THE EXPRESS PASSENGER LOCOMOTIVE, NO. 903, DESIGNED BY MR JOHN F. MCINTOSH, M.INST.C.E.
SCOTLAND has ten railways, and if put end to end they would extend for 3843 miles, of which no less than 2267 would be single track. Four of them are short local lines working independently and of little importance; the others are the Caledonian, Glasgow & South Western, Great North, Highland, North British, and the Portpatrick & Wigtownshire worked by a joint committee which has not an engine of its own. The Caledonian, which comes first in alphabetical order, may be dealt with first, especially as at the time the Act was obtained it was believed to be impossible that there should ever be more than one railway from England into Scotland, the Caledonian beginning in England. And that was no longer ago than 1845. In the course of its development it has absorbed the successors of several of the old wagon-
Garnkirk is some seven miles eastward of Buchanan Street, Glasgow, and the line which ended at Canal Street, just behind St. Rollox, was 8¼ miles long. It came from Cargill colliery near Gartsherrie, on the Monkland & Kirkintilloch, opened in October 1826, and now part of the North British, and it ended at St. Rollox because of the canal and the chemical works into which it ran its coal wagons to tip their contents through trap-
The first Glasgow terminus was Townhead, a stone hut about 9 ft square and high, and from it five passenger trains left daily in the summer and four in the winter, business being done on artificial-
CENTRAL STATION, GLASGOW.
Another railway, the Wishaw & Coltness, authorised in 1829, came to join the Garnkirk on its way, and it was to Garriongill on this line that the Caledonian was brought from Carlisle in the first section of its own making. This measured 84¾ miles; the second was the Edinburgh branch from Carstairs, which measured 27¼ miles; and the third, known as the Castlecary branch, filled in the 10 miles between Garnqueen Junction with the Monkland & Kirkintilloch, 52 chains north of Gartsherrie and Greenhill, where it joined the Scottish Central, thus completing the 122 miles authorised by the Act.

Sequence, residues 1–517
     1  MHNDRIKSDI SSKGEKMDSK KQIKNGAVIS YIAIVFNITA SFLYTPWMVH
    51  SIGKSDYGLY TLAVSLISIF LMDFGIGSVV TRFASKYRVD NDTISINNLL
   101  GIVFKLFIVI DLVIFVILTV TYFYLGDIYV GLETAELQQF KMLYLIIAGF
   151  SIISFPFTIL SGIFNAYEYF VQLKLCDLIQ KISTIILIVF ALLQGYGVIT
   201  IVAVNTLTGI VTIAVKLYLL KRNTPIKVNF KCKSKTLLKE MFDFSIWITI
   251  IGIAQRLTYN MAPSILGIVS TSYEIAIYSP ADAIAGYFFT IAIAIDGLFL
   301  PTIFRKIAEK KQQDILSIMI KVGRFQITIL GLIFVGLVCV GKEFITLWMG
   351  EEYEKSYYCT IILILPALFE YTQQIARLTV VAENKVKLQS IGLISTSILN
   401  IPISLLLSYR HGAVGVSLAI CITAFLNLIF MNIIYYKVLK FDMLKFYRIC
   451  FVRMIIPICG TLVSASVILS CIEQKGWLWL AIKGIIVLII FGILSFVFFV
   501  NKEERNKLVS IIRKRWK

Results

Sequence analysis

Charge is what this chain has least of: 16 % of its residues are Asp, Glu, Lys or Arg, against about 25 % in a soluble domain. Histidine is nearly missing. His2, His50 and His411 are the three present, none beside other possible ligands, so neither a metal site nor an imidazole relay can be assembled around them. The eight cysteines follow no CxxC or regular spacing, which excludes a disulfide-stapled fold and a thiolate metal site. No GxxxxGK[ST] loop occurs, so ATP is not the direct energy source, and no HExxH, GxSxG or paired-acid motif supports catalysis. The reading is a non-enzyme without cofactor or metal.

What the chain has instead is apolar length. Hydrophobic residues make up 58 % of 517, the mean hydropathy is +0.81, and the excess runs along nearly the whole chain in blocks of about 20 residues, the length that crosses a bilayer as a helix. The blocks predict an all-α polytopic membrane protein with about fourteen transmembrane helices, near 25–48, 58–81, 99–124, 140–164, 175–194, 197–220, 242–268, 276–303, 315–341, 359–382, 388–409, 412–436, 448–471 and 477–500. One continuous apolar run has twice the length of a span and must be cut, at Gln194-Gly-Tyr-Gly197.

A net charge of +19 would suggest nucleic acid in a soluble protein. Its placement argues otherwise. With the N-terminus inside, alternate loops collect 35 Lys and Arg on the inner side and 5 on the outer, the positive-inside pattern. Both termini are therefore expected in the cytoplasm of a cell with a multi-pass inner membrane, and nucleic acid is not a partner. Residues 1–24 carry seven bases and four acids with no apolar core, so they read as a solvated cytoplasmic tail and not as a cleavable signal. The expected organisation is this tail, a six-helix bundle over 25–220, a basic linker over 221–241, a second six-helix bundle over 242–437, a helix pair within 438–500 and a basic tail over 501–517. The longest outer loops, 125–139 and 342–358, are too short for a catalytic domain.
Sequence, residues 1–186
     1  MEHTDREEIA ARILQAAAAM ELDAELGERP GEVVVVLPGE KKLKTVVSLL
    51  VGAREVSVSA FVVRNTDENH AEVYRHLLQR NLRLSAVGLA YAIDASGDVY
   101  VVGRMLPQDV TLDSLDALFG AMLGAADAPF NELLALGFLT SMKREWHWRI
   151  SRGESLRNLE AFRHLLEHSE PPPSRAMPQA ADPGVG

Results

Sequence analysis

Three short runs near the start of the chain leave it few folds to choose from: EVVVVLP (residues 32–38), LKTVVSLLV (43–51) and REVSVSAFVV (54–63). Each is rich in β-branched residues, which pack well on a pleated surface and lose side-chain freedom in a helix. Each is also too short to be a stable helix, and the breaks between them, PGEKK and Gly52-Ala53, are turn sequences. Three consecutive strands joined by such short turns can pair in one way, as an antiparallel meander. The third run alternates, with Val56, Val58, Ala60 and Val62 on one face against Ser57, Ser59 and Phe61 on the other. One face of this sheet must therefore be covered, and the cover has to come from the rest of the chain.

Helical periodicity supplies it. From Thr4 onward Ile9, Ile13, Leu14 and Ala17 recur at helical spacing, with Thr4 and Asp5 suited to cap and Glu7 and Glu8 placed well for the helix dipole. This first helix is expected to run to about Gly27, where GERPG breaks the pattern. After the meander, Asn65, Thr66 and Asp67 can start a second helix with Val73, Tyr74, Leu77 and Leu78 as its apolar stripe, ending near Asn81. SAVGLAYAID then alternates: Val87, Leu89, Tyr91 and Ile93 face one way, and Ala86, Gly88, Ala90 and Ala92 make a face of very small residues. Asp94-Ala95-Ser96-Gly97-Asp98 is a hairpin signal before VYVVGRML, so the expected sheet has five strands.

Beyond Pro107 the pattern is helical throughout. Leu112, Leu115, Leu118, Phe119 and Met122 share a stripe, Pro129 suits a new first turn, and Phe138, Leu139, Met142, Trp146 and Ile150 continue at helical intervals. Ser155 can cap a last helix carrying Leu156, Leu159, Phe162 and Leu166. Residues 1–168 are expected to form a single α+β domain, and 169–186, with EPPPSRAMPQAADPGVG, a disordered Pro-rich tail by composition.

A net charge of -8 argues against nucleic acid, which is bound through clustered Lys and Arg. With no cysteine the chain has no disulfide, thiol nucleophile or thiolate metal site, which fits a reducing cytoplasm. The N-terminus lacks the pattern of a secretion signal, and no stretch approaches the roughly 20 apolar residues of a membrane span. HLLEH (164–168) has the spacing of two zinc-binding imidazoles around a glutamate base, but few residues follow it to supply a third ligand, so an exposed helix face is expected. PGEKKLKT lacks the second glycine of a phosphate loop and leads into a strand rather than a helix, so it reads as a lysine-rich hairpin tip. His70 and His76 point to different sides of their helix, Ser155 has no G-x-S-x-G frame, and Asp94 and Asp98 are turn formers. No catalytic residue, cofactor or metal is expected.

It had been long in arriving. The real trouble in the background was that there were two projects, the other being the one that had been under consideration for years in Glasgow, and has developed into the Glasgow & South Western, which was all Scottish, whereas the Caledonian was of English origin, and began with the Grand Junction. In 1835 that enterprising company sent their engineer, Joseph Locke, to survey for a line between Preston and Glasgow by way of Carlisle. Locke worked right and left of Telford’s coach road as far as Beattock, and, thinking the rise too great, he returned to Gretna and went up Nithsdale. In his report he recommended the route by this valley, and over the Cumnocks and onwards through Beith and Paisley.
This did not suit the Annandale landed proprietors; and it is a noteworthy fact that, broadly speaking, in England it was the landowners who opposed the railways, in Scotland it was the landowners who favoured them, while the landless were indifferent or antagonistic. Mr. J. J. Hope Johnstone, who owned more land in the Annandale district than any one else, sent a copy of the report to his factor Charles Stewart; and Stewart, seeing that a railway through the property would increase its value, persuaded him to take action, the result being the formation of the Committee of Annandale Proprietors in 1836, to whom the carrying through of the Caledonian project was mainly due.
A WEST COAST EXPRESS, AMONG THE LOWLAND HILLS.
Glasgow formed an opposition committee to support the Nithsdale scheme as against what had come to be called the Central; and to end the matter a proposal was accepted to have both routes gone over by different engineers, John Miller for Glasgow surveying Nithsdale, and Locke making a resurvey of Annandale. As might be expected, Miller approved the road down the Nith, and Locke found reasons for a not very enthusiastic support of the road up the Annan.